Tuesday, November 20, 2012

DC Times: Checking Up

I admit it. I've been neglectful! Here are some pictures from DC, things that have happened in past month and things I've missed! 

My View From Work!

Kayaking on the Potomac:

The Time the President Waved at Me!

Snow Hike in the Northern Virginia Mountains! 

Saturday, October 27, 2012

Happy Halloween

Happy almost Halloween! Carved a pumpkins tonight, probably the best pumpkin I've ever done and the pattern didn't even come out of a book! Boom!

Friday, September 28, 2012

Being a Tourist

 Most days I don't feel like a tourist when I walk around the city. I know to stand on the right side of the escalator and walk down the left. I have an actual metro card instead of a paper one and I can j-walk across Pennsylvania Ave like a pro. Each day when I go to work I walk past the Capitol, behind the Library of Congress
and behind the Supreme Court of the United States of America. There's something both empowering and scary about it. It's empowering because I feel like I fit-in here. But its scary. When I was in Europe I use to wonder how the people that lived in these great cities could walk by these amazing buildings and sights of history everyday and not even look up. Now. I get it. Every week day I pass the United States Capitol, the Library of Congress and the Supreme Court of the United States and each day of the week, I don't look up. My focus is on getting to the Metro stop, what I have to do what that day and what upcoming assignments I have. When you walk past something everyday you stop seeing it as it is and it becomes just another building.

Tourists get bad reputations. They stand on the wrong side of the escalator, they slow down the lines in the Metro stations  and they clog up the sidewalks taking pictures and trying to figure out maps. But tourists...they appreciate. They see
these buildings I walk by everyday but they don't just see buildings, they see amazing works of architecture and places of history. 

Maybe it isn't so bad to be a tourist...

There moments when I am dumb-struck. One night I was walking towards the Capitol. It was lit up and it got my attention. And I was stuck by the idea that, "Hey, I live here". And suddenly I'm a tourist stopping to snap a picture with my iPhone. A moment of appreciation caught forever in an iPhone. It happened again when I was on the other side of the mall and I
I happen to turn and looked at the Washington monument on this overcast day.

So maybe being a tourist isn't such a bad thing. In fact going back and looking through my pictures I've realized I've done my share of being a tourist...


 A National's Baseball Game
A  D.C. United Soccer Game
Madam's Organ Blues Bar
Located in the Adams Morgan neighborhood in DC Madam's Organ is a DC landmark. The bar is popular for its nightly live music (especially blues and bluegrass) and happens to be the location of the first annual Interns Night Out. --Madam's Organ features a large outdoor mural, which shows "The Madam", the bar's burlesque mascot.  [[from wikipedia ->]] "The bar's owner, Bill Duggan, says he commissioned the mural as artwork, but the Department of Consumer and Regulatory Affairs ruled it an advertisement because it includes the name of the establishment. In court, the owner refused to remove the wording from the breasts, claiming that to do so would only further expose the madam. Since Madam's Organ did not have a permit for the mural, the bar owner was fined. The case remains in the Court of Appeals". --The history of the bar is pretty cool, the name "Madam's Organ" is just a play on words for "Adams Morgan". Adams Morgan comes from the two schools that used to be located in the area, The Adams School and The Morgan School. In times of segregation, the one school was designated for white and the other for black. The bringing together of the name represents the bringing together of the people. "Now, the Adams Morgan neighborhood is much more than just black and white; it's a thriving and exceptionally harmonious multicultural society".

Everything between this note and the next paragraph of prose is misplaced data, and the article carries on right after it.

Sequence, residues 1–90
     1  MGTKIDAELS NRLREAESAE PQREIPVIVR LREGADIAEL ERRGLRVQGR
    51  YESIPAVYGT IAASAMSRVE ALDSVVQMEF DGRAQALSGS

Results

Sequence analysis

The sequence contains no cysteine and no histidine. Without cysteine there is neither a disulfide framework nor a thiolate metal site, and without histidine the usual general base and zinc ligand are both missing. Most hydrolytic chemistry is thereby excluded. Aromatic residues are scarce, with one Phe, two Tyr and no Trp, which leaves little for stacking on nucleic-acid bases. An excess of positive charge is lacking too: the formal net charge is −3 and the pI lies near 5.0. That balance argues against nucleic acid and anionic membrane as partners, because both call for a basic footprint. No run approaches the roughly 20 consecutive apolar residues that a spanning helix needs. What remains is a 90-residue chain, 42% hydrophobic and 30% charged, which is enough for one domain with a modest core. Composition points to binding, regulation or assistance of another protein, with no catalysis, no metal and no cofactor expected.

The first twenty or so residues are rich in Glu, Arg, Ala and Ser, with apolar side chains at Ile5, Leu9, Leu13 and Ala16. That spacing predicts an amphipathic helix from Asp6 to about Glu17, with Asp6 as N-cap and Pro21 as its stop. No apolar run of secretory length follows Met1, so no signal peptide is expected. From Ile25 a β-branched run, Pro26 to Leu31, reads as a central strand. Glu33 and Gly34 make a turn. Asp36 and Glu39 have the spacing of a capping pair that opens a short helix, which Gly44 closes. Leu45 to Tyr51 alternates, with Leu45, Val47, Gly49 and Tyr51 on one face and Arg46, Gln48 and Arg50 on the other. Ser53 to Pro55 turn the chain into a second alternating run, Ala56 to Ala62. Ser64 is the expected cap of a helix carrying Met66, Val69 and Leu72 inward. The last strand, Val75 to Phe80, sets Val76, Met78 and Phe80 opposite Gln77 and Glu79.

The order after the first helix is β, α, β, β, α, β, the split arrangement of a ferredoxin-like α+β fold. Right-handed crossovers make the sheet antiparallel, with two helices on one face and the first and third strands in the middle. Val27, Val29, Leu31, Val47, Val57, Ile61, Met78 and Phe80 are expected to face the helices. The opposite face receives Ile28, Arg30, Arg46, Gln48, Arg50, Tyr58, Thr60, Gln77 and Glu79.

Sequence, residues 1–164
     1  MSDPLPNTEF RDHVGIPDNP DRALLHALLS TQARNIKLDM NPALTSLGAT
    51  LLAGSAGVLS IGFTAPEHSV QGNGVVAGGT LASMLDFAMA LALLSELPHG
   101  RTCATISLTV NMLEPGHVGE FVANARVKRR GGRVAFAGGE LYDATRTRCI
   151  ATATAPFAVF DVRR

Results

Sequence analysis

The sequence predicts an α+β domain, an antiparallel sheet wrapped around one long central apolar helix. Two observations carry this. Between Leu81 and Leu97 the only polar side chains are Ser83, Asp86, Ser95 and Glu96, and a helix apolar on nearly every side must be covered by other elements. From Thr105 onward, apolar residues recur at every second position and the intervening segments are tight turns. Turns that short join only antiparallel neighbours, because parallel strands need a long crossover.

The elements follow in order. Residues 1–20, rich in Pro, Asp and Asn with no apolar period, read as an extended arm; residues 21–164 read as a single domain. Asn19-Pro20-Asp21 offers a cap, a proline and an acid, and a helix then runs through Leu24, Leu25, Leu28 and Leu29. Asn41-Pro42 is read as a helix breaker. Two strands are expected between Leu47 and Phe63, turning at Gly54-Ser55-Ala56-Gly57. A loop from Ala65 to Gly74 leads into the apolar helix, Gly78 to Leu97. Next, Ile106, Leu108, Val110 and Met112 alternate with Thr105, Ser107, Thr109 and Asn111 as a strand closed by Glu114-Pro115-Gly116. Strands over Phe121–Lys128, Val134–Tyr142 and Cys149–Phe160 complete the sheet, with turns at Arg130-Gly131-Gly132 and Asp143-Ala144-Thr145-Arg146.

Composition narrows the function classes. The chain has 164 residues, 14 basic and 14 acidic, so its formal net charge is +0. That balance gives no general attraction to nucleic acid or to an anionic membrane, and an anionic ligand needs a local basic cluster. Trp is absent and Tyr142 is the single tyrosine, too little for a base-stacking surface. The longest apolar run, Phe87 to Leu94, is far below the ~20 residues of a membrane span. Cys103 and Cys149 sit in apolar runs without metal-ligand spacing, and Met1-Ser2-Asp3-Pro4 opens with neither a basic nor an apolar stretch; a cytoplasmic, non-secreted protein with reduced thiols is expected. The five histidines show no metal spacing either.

The Hirshhorn Sculpture Garden:
I can't say I understand Modern Art, but it was interesting to walk around and at least pretend to understand.


The Library of Congress National Book Festival (on the Mall in front of the Smithsonian Castle)

The H Street Festival:

This man was doing this buffalo wood carving/burning using a magnifying glass on the hood up his black Charger.  
 Funky jaw/teeth wood-carved chair.

 And too finish it all off, a wonderfully tourist like photo of me in front of the Capitol.

Monday, May 21, 2012

Codename: Chasing the Sun (Thailand Day 2-3)

May  12, 2012 (Bangkok)

This morning we headed out fairly early to meet with our students at Rajamangala University. There was an opening ceremony (a few speeches and camp leader introductions) and then we got to meet our students. I have Tip, Beer, EA (pronounced 'A!', Joyz, Love Love, Gift and Toey Toey. They seem to be a super nice group of kids, but shy. But I get that. It's the first day. They were probably trying to figure our what sort of teacher I was going to be. They are all about my age (19-22 age range), which is sort of strange because I really do have this 'kids' mentality stuck in my head. Their majors rang from International Business to Accounting to Culinary Arts. Since today was the very first day we only spent about an hour with them.